A 12 year-old female with no PMHx presents to the pediatric ED with acute-onset crampy and sharp left-sided pelvic pain. The pain started 3-4 hours earlier, associated with nausea but no vomiting or diarrhea.
VS: HR 102, BP 110/86, T: 99.4
You note a non-toxic appearing girl in moderate distress due to pain, with mild left pelvic tenderness to palpation but without peritoneal signs.
The rest of the exam is unremarkable.
You obtain a pelvic US which reveals the following findings:
Questions:1)What is your differential diagnosis for acute abdominal pain in the pediatric female patient?
A good way of organizing the differential diagnosis for abdominal pain in the pediatric female is by system; for example:
GI: Appendicitis, cholecystitis, gastroenteritis, mesenteric adenitis, small bowel obstruction, intussusception, pancreatitis, colitis.
GU: UTI/cystitis, renal stones.
GYN: Ovarian/adnexal torsion, tubo-ovarian abscess, PID, ovarian cysts, ectopic pregnancy in the sexually active adolescent female, mittelschmerz.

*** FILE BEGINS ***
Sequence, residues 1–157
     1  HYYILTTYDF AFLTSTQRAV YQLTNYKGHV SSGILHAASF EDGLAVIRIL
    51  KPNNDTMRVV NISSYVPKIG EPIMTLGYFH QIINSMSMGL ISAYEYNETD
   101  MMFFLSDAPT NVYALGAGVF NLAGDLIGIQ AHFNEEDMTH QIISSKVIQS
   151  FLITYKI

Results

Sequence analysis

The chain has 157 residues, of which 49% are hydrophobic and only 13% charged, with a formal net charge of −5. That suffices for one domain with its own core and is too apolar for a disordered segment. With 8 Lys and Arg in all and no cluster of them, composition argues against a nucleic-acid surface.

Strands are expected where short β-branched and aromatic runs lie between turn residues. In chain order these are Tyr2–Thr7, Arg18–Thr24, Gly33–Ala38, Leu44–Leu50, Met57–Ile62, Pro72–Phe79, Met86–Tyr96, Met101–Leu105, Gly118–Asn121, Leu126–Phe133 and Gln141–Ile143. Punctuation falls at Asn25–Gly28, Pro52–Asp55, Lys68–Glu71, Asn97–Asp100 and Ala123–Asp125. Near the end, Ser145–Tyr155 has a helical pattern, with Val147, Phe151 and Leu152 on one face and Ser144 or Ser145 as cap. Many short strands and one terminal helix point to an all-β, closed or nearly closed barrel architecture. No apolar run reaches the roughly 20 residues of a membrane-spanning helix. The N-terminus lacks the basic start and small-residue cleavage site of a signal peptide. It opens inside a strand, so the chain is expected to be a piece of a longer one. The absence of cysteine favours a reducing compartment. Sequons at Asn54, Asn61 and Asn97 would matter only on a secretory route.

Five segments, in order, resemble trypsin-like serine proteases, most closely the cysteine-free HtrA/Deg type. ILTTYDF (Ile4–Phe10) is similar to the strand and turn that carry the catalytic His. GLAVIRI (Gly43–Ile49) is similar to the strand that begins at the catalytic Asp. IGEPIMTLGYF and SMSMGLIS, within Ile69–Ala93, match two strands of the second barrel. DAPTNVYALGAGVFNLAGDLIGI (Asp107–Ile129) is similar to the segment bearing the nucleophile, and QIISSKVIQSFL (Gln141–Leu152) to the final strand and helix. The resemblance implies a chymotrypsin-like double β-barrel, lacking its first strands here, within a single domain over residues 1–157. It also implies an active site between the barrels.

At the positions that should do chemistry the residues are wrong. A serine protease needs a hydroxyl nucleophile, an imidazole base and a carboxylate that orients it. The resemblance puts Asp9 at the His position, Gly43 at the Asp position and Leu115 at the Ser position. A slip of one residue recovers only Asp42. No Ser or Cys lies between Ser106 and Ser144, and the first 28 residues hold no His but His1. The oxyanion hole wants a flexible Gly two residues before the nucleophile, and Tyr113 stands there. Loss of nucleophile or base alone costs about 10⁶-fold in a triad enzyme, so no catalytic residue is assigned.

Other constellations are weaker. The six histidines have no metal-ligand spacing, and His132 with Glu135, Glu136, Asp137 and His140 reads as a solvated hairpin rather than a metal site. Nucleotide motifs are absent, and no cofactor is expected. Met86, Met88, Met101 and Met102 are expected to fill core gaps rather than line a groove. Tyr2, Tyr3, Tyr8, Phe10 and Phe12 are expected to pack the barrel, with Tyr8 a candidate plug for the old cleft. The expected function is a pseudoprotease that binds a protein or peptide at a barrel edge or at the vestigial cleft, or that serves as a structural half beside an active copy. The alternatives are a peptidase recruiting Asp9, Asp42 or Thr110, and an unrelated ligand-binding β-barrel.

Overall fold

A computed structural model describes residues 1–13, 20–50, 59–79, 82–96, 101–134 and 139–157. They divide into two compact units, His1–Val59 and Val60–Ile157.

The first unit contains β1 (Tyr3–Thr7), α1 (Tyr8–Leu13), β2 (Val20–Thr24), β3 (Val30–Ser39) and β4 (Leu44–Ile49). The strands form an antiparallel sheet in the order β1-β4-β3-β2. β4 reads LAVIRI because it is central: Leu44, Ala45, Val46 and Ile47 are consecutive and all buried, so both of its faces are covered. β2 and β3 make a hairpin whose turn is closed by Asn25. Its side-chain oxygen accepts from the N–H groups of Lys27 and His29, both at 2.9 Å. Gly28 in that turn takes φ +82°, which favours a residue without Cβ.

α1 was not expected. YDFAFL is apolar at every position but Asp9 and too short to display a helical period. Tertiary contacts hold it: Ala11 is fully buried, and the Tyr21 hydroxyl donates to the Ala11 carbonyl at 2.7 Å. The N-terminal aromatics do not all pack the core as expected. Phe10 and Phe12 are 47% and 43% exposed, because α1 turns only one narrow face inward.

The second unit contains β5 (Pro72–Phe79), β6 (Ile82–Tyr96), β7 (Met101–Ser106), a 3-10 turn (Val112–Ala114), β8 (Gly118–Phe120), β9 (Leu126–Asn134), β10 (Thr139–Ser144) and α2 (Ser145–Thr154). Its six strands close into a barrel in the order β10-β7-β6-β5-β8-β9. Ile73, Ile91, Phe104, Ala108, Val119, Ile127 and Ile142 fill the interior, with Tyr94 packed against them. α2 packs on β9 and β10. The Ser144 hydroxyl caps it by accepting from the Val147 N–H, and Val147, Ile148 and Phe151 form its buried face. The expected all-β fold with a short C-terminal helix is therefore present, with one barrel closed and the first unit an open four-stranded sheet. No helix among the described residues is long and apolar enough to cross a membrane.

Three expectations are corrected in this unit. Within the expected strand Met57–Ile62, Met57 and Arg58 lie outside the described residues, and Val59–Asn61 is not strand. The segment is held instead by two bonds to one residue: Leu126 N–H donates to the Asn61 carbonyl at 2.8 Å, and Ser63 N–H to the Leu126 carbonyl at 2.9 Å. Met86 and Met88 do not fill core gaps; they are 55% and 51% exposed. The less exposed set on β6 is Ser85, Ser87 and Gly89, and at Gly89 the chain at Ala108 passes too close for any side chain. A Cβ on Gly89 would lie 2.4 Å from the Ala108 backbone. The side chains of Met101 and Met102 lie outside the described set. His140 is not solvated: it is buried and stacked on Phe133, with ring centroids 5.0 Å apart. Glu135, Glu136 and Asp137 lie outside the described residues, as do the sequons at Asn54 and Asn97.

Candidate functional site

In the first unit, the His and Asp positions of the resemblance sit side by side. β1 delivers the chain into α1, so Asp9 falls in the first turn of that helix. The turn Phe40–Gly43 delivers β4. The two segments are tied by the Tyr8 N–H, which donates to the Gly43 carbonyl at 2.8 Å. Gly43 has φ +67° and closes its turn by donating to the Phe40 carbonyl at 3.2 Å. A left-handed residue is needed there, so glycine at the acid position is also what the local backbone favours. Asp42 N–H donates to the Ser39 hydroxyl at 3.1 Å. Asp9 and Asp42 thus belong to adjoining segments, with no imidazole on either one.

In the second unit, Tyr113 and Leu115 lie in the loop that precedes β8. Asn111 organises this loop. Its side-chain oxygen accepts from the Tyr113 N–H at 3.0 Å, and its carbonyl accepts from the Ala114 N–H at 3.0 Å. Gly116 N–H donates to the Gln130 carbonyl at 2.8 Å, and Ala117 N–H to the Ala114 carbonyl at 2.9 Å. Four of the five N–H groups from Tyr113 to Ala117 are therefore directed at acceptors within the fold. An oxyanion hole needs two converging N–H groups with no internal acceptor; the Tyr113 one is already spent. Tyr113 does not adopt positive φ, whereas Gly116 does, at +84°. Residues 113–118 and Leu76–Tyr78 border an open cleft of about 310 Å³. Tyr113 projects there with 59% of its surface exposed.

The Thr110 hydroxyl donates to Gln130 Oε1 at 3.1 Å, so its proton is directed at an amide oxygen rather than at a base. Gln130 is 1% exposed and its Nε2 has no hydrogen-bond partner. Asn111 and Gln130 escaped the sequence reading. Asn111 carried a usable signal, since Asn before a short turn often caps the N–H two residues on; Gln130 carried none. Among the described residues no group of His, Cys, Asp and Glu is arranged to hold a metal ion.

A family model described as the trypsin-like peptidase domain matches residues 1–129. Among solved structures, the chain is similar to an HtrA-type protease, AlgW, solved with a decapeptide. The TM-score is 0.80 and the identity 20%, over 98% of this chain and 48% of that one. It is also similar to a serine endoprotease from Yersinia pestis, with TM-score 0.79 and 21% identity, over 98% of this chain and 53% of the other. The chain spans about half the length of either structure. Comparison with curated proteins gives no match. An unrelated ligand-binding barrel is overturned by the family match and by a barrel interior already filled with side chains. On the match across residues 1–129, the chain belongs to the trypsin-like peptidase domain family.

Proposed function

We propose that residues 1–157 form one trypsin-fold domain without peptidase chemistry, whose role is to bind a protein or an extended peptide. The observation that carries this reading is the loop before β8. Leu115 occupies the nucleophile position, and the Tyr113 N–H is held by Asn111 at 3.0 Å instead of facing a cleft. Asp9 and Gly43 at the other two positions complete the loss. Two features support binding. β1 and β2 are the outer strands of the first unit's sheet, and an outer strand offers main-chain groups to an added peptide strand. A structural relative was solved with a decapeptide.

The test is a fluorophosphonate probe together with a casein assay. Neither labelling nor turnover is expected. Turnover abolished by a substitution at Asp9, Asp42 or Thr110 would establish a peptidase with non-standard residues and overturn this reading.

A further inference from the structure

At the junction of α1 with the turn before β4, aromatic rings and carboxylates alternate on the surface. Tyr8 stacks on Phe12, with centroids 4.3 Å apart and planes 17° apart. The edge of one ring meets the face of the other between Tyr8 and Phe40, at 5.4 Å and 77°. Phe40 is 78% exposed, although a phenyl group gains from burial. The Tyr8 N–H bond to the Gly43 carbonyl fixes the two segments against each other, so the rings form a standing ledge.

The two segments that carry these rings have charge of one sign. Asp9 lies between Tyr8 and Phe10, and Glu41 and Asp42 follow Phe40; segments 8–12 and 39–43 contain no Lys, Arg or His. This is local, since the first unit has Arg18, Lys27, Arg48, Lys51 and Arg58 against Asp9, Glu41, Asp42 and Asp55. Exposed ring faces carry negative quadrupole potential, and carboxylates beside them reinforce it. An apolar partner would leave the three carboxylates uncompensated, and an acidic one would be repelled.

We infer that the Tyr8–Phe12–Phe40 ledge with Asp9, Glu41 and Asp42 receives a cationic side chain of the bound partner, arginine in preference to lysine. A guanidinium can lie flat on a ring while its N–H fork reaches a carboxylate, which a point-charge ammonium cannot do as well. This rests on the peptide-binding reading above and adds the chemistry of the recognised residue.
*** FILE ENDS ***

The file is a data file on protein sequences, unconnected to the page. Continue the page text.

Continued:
MSK/abdominal wall: Spasm, hematoma, strain
2)Based on the history and physical exam for the pediatric female patient, what work up, if any, would you consider in terms of labs, imaging, and consultations?
A pelvic ultrasound is key in diagnosing pathology of the adnexa, appendix, and for identifying intussusception. The most important lab test for anyone who even has a chance of being pregnant is a pregnancy test. Other labs that are frequently ordered, although their utility is highly questionable are CBC to identify leukocytosis and inflammatory markers such as CRP. These are, however, non-specific tests.
3)Given the history, physical exam, and ultrasound findings in this patient, what is the most likely diagnosis?
This patient demonstrated decreased blood flow to the left ovary and was later found in the OR to have a necrotic left ovary which was subsequently removed.
4)What is the ED management?